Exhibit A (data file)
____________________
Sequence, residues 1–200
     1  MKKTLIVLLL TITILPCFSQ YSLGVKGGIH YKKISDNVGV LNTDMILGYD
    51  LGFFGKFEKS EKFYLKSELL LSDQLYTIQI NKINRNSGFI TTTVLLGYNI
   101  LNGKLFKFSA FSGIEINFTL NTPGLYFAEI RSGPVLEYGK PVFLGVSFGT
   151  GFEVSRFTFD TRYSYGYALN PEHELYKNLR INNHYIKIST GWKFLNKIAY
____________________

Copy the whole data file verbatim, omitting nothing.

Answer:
Sequence, residues 1–200
     1  MKKTLIVLLL TITILPCFSQ YSLGVKGGIH YKKISDNVGV LNTDMILGYD
    51  LGFFGKFEKS EKFYLKSELL LSDQLYTIQI NKINRNSGFI TTTVLLGYNI
   101  LNGKLFKFSA FSGIEINFTL NTPGLYFAEI RSGPVLEYGK PVFLGVSFGT
   151  GFEVSRFTFD TRYSYGYALN PEHELYKNLR INNHYIKIST GWKFLNKIAY